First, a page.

California's ban on gay conversion therapy for minors is back on
In a decision that eventually could spark U.S. Supreme Court review, a federal appeals courton Thursdayupheld the state's new law barring the practice of counseling minors to convert from homosexuality, rejecting the free speech and religious arguments of therapists and families who support the practice.
The 9th U.S. Circuit Court of Appeals unanimously concluded that the ban, the first of its kind in the nation, did not violate the free speech rights of therapists and was within the state's authority to outlaw medical or mental health practices it considers harmful to minors. The court also rejected the argument the law interferes with parents' rights to seek such counseling for their children.
"Fundamental rights of parents do not include the right to choose a specific type of provider for a specific medical or mental health treatment that the state has reasonably deemed harmful," 9th Circuit Judge Susan Graber wrote for the three-judge panel.
In two separate cases, a group of therapists and families sued over the ban, arguing that it violates the free speech rights of therapists to discuss gay conversion with young patients and tramples on parents' religious freedoms to seek therapy to convert their children from homosexuality. The law barred licensed mental health professionals from using the therapy on those under the age of 18.
One federal judge blocked enforcement of the law while the case is on appeal, while another refused to issue an injunction. The 9th Circuit has now lifted the injunction against the ban, although the therapists and families can ask the court to reconsider the case with an 11-judge panel.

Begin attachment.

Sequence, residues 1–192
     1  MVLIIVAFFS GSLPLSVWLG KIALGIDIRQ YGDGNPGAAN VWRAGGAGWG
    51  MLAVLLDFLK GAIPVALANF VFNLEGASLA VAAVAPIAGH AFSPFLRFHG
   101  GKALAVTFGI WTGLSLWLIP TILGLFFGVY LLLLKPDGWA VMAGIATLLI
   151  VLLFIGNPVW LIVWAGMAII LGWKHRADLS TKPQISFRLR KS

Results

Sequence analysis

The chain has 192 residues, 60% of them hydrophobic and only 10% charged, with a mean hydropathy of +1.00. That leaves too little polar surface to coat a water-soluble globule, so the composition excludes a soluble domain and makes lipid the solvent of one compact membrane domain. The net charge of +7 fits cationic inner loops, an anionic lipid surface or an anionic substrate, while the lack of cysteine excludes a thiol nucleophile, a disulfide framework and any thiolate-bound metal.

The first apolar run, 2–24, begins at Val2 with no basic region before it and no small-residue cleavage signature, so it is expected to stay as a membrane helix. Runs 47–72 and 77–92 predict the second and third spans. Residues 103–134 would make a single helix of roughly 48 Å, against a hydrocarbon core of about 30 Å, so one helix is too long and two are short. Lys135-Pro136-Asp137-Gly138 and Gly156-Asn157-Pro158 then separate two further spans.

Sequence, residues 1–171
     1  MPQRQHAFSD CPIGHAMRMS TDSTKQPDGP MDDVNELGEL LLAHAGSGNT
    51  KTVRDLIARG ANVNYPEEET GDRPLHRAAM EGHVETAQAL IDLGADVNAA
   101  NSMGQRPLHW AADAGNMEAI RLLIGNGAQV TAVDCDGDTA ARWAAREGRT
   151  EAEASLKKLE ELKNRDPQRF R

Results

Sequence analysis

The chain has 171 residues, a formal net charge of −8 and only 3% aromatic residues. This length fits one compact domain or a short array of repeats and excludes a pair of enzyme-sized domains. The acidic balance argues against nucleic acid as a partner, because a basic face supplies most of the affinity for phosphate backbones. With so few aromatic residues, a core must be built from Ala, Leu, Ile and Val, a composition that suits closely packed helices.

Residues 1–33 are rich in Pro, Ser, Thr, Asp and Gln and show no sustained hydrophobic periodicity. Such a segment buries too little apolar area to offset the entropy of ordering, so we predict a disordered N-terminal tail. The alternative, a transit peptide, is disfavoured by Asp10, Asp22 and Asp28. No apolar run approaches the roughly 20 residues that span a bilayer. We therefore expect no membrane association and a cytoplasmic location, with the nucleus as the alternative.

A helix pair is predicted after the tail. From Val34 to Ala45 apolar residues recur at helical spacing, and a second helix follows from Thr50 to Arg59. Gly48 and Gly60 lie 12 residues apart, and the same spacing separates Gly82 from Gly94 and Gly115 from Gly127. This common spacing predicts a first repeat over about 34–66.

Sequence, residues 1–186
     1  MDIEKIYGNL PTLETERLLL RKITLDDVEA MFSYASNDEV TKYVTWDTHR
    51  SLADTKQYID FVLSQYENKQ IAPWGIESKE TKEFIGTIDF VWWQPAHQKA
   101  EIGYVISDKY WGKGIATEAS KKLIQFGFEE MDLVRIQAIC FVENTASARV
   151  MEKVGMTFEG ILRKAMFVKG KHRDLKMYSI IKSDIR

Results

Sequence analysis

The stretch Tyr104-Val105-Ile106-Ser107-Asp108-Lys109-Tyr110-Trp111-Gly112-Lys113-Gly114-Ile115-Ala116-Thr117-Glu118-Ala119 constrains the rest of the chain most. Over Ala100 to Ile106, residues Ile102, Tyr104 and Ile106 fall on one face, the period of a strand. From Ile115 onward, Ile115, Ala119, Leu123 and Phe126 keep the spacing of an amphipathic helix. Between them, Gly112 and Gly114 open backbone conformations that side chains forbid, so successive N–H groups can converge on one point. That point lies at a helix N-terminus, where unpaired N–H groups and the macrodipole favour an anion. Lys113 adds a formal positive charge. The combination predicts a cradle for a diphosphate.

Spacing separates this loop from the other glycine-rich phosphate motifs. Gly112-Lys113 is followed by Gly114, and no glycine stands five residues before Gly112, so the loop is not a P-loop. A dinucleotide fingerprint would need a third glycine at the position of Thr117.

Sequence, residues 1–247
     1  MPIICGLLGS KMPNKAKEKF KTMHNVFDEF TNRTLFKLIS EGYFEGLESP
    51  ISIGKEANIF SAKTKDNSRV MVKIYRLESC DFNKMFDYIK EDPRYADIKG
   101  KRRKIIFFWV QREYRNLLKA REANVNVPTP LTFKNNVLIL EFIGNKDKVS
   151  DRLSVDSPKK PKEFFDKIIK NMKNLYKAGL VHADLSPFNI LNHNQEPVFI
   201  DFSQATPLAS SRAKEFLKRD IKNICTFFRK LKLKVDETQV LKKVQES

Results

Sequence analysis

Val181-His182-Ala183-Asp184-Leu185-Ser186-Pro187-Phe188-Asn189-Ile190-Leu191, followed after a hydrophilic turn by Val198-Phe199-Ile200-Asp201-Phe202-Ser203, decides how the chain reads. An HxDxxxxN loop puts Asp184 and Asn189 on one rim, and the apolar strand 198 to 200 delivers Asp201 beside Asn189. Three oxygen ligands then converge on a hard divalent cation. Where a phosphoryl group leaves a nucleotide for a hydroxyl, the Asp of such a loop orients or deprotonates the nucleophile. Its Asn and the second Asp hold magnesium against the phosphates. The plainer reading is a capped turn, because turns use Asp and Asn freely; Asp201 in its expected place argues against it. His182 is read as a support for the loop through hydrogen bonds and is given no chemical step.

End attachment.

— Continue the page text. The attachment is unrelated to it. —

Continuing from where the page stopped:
The Pacific Justice Institute, one of the organizations challenging the ban, vowed to appeal further.
"This decision is a dark day for those who believe in the First Amendment and the right of parents over the proper upbringing of their children," said Brad Dacus, the institute's president.
Opponents of the ban have expressed concern other states would follow California if the law is upheld in the courts. In fact, while the 9th Circuit was considering the case, New Jersey recently adopted a similar ban on gay conversation therapy, and that law has been challenged in federal court.
California legislators and gay rights advocates pushed to abolish the therapy for minors, arguing that it stigmatizes youth and can lead to depression and even suicide. Gay rights groups praised the decision, as did some of the individuals who were forced to undergo the therapy and testified about its harmful effects.
"My first response at hearing (about the ruling) was chills and tears," said James Guay, a pastor's son who lived in San Francisco for 20 years until recently moving to West Hollywood. "This barbaric treatment has been deemed ineffective and likely harmful by all the legitimate medical and mental health associations."
(c)2013 San Jose Mercury News (San Jose, Calif.)
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